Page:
Turkmenistan is predominantly a cash economy and travellers’ cheques are only accepted in some major hotels. There are very few ATMs in Ashgabat and none outside the capital city.

The official currency is the Turkmen Manat (TMM). US dollars are readily exchanged. To avoid difficulties, ensure banknotes are in good condition and are not counterfeit. You should exchange any unspent local currency prior to departure as you may not be able to exchange it outside Turkmenistan.

Your passport is a valuable document that is attractive to criminals who may try to use your identity to commit crimes. It should always be kept in a safe place. You are required by Australian law to Report a Lost or Stolen Passport online or contact the nearest Australian Embassy, High Commission or Consulate as soon as possible.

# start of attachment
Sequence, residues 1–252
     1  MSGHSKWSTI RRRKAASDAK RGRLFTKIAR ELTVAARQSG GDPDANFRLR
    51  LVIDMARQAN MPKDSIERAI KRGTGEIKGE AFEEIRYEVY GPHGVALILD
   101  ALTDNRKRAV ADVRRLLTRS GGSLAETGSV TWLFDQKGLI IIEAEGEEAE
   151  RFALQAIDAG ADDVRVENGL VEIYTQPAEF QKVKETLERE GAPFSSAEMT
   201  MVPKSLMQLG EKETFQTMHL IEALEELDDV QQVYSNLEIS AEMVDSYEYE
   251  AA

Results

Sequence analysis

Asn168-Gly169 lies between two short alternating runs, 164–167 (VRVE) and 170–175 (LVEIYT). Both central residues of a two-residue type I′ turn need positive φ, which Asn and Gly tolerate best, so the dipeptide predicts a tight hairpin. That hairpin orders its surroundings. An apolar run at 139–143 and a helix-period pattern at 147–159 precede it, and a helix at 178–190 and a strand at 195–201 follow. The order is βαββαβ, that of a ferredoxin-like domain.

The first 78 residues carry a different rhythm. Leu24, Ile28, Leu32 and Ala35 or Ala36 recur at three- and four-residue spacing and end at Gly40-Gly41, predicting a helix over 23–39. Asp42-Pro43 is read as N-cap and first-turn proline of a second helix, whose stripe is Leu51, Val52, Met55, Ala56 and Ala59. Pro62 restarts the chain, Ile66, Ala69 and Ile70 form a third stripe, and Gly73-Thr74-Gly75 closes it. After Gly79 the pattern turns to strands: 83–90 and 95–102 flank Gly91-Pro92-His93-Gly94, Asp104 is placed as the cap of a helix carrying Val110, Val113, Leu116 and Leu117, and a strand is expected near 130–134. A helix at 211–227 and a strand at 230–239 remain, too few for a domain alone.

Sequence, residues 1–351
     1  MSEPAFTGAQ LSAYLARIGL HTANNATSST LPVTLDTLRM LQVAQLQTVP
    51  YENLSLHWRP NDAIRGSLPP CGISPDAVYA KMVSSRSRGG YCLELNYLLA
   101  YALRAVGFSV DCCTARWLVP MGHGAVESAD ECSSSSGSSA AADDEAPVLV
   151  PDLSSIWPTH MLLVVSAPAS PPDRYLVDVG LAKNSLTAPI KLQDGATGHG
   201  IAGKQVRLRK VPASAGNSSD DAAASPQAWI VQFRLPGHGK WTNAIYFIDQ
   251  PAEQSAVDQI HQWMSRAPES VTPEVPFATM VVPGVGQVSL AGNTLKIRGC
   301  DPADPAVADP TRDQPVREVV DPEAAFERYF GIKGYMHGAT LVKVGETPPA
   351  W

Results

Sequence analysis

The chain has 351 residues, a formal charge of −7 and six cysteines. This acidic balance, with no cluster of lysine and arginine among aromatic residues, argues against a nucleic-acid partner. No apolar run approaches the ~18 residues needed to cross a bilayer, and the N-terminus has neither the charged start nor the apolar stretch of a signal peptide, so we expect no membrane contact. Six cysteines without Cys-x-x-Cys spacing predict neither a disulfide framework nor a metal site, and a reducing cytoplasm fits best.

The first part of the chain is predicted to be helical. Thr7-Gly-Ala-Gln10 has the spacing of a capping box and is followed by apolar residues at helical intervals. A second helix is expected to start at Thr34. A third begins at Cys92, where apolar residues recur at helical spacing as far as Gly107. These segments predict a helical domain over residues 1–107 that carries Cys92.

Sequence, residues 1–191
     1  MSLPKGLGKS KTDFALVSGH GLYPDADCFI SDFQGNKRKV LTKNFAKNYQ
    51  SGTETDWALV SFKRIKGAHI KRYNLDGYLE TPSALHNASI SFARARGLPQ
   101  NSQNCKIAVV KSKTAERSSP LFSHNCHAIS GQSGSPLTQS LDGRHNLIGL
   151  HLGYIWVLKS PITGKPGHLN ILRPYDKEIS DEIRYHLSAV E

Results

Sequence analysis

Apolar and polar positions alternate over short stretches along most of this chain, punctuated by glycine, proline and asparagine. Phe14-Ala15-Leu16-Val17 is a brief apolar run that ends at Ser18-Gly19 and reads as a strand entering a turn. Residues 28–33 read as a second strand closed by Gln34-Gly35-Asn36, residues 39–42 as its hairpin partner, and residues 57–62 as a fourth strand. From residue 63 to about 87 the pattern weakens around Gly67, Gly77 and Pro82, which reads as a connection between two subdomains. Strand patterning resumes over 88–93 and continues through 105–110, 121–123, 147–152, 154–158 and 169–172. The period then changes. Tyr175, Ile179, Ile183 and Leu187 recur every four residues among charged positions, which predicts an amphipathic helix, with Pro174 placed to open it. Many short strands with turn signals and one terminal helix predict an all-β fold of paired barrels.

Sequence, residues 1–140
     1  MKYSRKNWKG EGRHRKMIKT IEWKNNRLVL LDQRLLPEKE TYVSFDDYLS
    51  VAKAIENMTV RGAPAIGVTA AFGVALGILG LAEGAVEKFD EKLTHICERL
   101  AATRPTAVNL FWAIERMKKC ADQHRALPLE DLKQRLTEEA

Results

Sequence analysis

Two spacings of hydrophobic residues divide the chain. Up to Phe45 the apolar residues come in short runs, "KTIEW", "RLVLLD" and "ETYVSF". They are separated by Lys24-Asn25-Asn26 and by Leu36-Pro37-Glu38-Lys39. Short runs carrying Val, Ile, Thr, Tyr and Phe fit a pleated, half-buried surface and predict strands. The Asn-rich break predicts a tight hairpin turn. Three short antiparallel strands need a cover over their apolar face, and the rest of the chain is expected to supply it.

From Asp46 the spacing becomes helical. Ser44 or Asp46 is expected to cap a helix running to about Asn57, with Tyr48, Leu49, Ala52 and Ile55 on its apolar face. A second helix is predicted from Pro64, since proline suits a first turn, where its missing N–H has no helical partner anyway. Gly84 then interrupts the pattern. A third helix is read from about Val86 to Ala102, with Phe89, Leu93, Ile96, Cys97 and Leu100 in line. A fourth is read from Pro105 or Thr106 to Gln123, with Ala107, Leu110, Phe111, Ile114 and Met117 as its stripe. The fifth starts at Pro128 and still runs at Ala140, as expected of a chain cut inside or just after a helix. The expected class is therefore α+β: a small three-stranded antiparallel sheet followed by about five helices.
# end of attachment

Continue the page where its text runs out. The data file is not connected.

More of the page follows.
Local travel

The regions bordering Afghanistan, Iran and Uzbekistan, areas of the Caspian Sea coast and Dashoguz are designated restricted zones and are closed to foreigners without government permission.

Road conditions and driving standards are poor. Roads can be particularly hazardous in winter and spring, when avalanches and landslides occur. Driving at night is also particularly dangerous due to a lack of lighting. Access to service stations can be limited in rural areas. For further advice, see our Road travel page.

Random police checks and security checkpoints on roads are common. You should carry certified copies of your passport and visa at all times.